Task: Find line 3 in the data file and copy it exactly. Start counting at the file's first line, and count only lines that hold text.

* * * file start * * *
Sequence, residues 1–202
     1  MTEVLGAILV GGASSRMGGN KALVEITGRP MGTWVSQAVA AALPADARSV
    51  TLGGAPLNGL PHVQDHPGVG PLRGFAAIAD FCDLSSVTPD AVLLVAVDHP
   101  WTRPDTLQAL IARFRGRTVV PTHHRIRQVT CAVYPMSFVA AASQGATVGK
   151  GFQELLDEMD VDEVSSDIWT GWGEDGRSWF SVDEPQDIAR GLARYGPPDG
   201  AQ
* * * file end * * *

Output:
    51  TLGGAPLNGL PHVQDHPGVG PLRGFAAIAD FCDLSSVTPD AVLLVAVDHP